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Hoffmann, R. A wiki for the life sciences where authorship matters. Nature Genetics (2008)

Stimulation of the de novo pathway for the biosynthesis of platelet-activating factor (PAF) via cytidylyltransferase activation in cells with minimal endogenous PAF production.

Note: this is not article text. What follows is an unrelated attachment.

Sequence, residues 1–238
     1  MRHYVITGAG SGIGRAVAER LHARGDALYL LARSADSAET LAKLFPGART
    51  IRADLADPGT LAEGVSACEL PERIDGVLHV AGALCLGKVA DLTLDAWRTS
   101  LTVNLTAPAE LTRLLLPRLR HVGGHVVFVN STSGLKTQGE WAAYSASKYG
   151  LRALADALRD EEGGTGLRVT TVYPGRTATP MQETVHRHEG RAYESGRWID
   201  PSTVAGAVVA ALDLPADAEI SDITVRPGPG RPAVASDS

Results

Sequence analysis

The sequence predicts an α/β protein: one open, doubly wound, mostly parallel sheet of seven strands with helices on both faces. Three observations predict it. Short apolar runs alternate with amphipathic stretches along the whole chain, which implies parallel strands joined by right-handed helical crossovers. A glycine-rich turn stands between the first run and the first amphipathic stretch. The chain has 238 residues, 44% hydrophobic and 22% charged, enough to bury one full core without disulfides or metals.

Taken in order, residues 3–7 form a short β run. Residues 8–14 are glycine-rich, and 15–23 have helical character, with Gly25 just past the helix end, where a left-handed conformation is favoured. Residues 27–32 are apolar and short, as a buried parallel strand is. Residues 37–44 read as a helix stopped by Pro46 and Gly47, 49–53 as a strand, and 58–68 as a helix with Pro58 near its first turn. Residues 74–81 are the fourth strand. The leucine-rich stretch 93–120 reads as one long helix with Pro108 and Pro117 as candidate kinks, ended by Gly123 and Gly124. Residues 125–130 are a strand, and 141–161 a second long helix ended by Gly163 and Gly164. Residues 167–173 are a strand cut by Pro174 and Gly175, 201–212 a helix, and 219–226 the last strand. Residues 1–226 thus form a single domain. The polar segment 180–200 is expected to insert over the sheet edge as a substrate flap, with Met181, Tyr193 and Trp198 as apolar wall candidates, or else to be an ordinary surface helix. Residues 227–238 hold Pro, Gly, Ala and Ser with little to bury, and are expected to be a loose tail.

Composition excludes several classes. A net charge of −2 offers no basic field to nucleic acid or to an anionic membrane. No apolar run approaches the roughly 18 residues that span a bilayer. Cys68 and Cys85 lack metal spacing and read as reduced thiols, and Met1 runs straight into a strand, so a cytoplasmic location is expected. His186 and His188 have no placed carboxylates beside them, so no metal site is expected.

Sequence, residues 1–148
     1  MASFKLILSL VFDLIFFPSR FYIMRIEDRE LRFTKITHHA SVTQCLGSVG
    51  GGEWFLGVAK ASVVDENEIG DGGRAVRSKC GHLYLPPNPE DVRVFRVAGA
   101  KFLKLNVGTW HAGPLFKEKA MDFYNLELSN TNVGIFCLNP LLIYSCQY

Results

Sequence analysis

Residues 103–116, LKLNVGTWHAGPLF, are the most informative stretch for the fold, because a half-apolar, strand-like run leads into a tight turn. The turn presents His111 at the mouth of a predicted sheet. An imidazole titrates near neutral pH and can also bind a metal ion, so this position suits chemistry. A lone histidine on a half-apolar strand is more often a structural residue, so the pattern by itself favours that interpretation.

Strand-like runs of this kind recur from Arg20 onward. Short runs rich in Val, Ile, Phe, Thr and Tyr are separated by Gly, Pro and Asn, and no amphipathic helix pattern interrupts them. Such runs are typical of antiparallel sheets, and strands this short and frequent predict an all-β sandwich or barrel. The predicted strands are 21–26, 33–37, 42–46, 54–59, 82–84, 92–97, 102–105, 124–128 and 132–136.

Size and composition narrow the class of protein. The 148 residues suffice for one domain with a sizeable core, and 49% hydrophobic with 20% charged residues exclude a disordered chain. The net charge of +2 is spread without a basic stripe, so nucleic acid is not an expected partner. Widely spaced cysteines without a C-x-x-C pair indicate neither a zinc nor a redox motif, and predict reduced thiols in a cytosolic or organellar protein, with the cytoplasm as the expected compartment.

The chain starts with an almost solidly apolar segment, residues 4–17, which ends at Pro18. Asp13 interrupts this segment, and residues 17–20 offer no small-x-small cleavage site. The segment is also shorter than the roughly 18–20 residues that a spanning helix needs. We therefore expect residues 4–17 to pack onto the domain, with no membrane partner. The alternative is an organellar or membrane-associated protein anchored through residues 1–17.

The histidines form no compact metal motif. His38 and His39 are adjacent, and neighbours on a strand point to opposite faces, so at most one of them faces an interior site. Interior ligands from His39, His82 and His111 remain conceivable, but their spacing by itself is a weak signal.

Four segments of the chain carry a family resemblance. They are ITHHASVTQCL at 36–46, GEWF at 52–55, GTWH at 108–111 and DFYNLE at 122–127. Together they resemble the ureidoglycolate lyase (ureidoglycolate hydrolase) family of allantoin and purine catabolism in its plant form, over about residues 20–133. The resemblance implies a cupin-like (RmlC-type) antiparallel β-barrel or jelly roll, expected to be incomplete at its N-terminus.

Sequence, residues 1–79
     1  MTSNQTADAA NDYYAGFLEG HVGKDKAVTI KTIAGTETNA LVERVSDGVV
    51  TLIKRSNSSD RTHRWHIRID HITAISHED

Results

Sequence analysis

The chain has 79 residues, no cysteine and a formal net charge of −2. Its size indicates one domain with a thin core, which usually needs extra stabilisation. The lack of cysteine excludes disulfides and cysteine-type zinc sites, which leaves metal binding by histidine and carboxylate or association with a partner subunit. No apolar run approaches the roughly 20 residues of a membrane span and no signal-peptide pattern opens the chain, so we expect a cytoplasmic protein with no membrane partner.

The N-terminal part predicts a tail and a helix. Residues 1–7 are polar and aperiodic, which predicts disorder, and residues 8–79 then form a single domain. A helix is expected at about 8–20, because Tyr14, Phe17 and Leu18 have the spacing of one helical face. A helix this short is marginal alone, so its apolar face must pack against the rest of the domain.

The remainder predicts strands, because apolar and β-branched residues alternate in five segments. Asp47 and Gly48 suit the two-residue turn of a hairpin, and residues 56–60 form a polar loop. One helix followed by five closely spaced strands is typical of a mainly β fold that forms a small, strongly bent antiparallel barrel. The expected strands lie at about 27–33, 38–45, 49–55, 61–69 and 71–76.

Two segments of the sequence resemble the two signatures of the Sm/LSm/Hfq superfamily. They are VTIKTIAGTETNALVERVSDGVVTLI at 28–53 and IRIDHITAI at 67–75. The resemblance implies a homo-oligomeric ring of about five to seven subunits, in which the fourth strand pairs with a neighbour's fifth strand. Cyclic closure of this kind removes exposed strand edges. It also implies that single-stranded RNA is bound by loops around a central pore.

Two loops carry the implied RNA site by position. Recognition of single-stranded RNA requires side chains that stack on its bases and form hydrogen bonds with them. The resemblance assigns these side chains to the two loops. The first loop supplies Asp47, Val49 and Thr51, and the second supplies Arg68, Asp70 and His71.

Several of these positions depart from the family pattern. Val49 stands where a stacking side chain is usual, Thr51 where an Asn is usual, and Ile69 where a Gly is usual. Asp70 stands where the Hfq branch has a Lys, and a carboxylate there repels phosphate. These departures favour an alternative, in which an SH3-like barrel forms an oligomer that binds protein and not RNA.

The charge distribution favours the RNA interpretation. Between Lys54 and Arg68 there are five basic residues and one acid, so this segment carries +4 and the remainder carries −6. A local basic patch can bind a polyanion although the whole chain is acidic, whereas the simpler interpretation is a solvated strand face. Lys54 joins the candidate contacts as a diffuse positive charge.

Treatment of Ehrlich ascites cells with 2 mM oleic acid causes a greater than 10-fold increase in the formation of platelet-activating factor (PAF; 1-[3H]alkyl-2-acetyl-sn-glycero-3-phosphocholine) from the de novo precursor of PAF, 1-[3H]alkyl-2-acetyl-sn-glycerol. Under these conditions, CTP:phosphocholine cytidylyltransferase activity, which is known to catalyze the rate-limiting step in phosphatidylcholine biosynthesis, was stimulated 32% (p less than 0.001) over control cells. Surprisingly, the dithiothreitol-insensitive choline-phosphotransferase activity, which catalyzes the final step in PAF biosynthesis, was reduced approximately 95% in membranes isolated from cells that were pre-treated with 2 mM oleic acid. However, calculations of product formation at this reduced cholinephosphotransferase activity revealed that it was still sufficient to accommodate the increased synthesis of PAF observed in the intact oleic acid-treated cells. Kinetic studies and experiments done with cells treated with phenylmethylsulfonyl fluoride (an acetylhydrolase inhibitor) indicate the various metabolic products formed are derived through the following sequence of reactions: 1-alkyl-2-acetyl-sn-glycerol----1-alkyl-2-acetyl-sn-glycero-3- phosphocholine----1-alkyl-2-lyso-sn-glycero-3-phosphocholine----1-alkyl- 2(long-chain) acyl-sn-glycero-3-phosphocholine. These results indicate PAF is the source of alkylacylglycerophosphocholine through the action of an acetylhydrolase and a transacylase as shown in other cell systems. The relative amounts of PAF, lyso-PAF, and alkylacylglycerophosphocholine produced after treatment of the cells with oleic acid in the absence of the phenylmethylsulfonyl fluoride inhibitor indicate that the acylation rate for lyso-PAF is considerably slower (i.e. rate-limiting) than the deacetylation of PAF by acetylhydrolase. We further conclude that the final step in the de novo pathway for PAF biosynthesis is under the direct control of CTP:phosphocholine cytidylyltransferase, which emphasizes the importance of this regulatory (rate-limiting) step in the biosynthesis of both phosphatidylcholine and PAF.[1]


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